How we are delivering against our 10-point action plan to improve our safeguarding practices and policies and help rebuild our culture
I am writing to update you on Oxfam’s progress toward the safeguarding commitments we made earlier this year. In February, there was reporting of sexual misconduct by Oxfam Great Britain staff in Haiti in 2011 and Chad in 2006. The actions of those staff members violated our values and the trust placed in us by the communities we serve. Oxfam is committed to learning from our mistakes and doing everything in our power to protect the people we serve and our staff.
When we at Oxfam talk about the injustice of poverty and inequality, we know that gender and power are deeply embedded in those issues. Understanding that and working toward tackling those power imbalances is core to our work and mission. But we also know that our workplace must mirror the values we champion on the front lines of our work. And that means looking at gender and power imbalances in our own work and across our sector. Oxfam is deeply committed to working internally, but also collaboratively with our colleagues in the aid sector, as well as with our donors, and our partners, as we believe this will be only path to real, lasting change.
That’s why on February 16, 2018, Oxfam’s board of international directors agreed on a wide-reaching 10-point action plan to strengthen Oxfam’s safeguarding policies and practices, and transform our organizational culture. With these measures, we will do our best to stamp out sexual exploitation, abuse, and harassment from all parts of our confederation; to protect those we work with; and to ensure justice for survivors of abuse.
While we had already advanced significantly from 2011, we promised that we would make the safety of those we serve, as well as our staff, our priority by putting more resources into improving our systems and processes and building and institutionalizing a values-driven culture within Oxfam. To date, we have invested more than $2.6 million in safeguarding across Oxfam globally. Our goal is to ensure that no one faces sexism, discrimination, or abuse, that everyone feels safe speaking out, and everyone is clear on what behavior is acceptable or not. This requires ensuring that Oxfam as an organization reaffirms our commitment to gender equality, prevents abuses of power, and does not tolerate sexual harassment, abuse, or exploitation.
Since February, we have revised our code of conduct, which is now being rolled out across the confederation. We have implemented a mandatory staff training in gender justice and sexual harassment. And we have begun to hold “Living Our Values Everyday” recurring staff conversations about how we make our stated values manifest in how we treat each other and our partners and community members in the US and other countries where we work. This is a seminal moment for our society, our sector, and for Oxfam. It’s just the start for us as we embark on a long-term process to fully integrate gender justice into our workplace culture.
Additionally, in March we launched an international independent commission to examine past and current cases of sexual misconduct and to review our policies, practices and our culture. The commission is co-chaired by Zainab Bangura, a former United Nations Under Secretary General, and Katherine Sierra, a former vice president of the World Bank. Their first report is due in early fall of 2018, and a full report will be published by next the spring of 2019. Both reports will be available to the public.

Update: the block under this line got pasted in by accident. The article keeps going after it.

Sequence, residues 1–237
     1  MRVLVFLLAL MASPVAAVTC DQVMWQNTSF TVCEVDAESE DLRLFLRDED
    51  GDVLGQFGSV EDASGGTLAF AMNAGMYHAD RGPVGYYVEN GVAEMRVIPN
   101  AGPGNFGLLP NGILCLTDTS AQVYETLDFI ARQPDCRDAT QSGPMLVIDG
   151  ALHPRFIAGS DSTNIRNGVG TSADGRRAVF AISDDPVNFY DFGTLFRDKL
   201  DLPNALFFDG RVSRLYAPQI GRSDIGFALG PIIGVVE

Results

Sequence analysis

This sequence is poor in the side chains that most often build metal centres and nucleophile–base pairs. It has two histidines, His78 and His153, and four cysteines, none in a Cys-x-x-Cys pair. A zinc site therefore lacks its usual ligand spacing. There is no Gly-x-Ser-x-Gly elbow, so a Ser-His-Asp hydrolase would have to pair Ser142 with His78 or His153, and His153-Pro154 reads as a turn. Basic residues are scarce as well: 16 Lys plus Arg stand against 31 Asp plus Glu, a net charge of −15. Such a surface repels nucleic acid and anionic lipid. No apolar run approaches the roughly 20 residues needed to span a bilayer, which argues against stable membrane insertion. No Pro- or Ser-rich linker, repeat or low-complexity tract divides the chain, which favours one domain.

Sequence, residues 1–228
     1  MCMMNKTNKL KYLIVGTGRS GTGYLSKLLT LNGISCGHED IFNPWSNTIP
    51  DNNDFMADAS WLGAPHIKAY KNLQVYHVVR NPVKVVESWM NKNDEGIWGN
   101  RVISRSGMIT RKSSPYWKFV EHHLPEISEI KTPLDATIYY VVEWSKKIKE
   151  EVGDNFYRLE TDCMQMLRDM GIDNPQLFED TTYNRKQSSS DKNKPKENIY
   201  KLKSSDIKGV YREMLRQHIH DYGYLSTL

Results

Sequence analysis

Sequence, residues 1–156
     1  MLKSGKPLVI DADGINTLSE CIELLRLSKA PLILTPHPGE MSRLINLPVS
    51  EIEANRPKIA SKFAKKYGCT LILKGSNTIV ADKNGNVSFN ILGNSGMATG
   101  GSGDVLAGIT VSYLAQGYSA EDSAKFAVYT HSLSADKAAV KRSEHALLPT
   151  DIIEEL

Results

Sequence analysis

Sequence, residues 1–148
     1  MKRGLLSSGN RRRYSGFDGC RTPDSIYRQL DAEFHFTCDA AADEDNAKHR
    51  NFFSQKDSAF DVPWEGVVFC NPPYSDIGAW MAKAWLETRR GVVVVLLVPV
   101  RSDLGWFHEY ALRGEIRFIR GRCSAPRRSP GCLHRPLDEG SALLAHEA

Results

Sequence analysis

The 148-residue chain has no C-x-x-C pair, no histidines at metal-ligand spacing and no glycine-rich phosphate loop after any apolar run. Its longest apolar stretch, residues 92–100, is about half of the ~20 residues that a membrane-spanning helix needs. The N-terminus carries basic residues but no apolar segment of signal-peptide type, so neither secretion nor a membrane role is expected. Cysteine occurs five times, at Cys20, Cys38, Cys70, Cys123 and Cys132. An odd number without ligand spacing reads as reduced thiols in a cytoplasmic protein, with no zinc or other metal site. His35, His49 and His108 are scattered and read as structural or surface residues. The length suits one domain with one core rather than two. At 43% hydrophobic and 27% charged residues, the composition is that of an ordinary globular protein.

We have also trained 119 staff as safeguarding investigators and revamped our whistle-blowing systems—which Oxfam America has had in place since 2010—to ensure there are reporting lines in five languages to serve Oxfam staff around the world, and that we are encouraging staff to use these resources to raise complaints and concerns. And here at Oxfam America, we have created two roles: a Gender Advisor for our DC office and a Senior Safeguarding Specialist, and have upgraded a position to Vice President of People, Culture, and Global Human Resources, with oversight over our organizational culture.
Another measure in the works in an Oxfam-wide database to register and report on all cases so the entire Oxfam confederation can be coordinated. This database will provide the information for annual reporting twice a year, which Oxfam will release starting in October of 2018. Concurrently, we have appointed staff to formally authorize references in an effort to prevent forged, dishonest, or unreliable references.
We are embracing the opportunity to learn and share from our organizational failings and to work collaboratively with colleagues within the aid sector to prevent sexual exploitation, abuse, and harassment. We have identified a number of areas where real changes can only be made together, particularly the movement of staff between agencies and our shared working space within communities and cross-sector agreement on baseline commitments regarding safeguarding policies.
Along those lines, I am serving as a co-champion and co-lead of the CEO Task Force on Prevention of Sexual Abuse, Exploitation, and Harassment by and of NGO Staff, at InterAction, the association of US-based internationally oriented NGOs. I’m proud that the task force produced the InterAction CEO pledge on Preventing Sexual Abuse, Exploitation and Harassment, which has signatures from 120 CEOs.
These are just preliminary steps among many others, and there is so much more to be done. We are committed to becoming a stronger, more transparent and accountable Oxfam that can deliver on our mission to tackle the root causes of poverty and create lasting change. We value your partnership. Together, we can build the best version of Oxfam.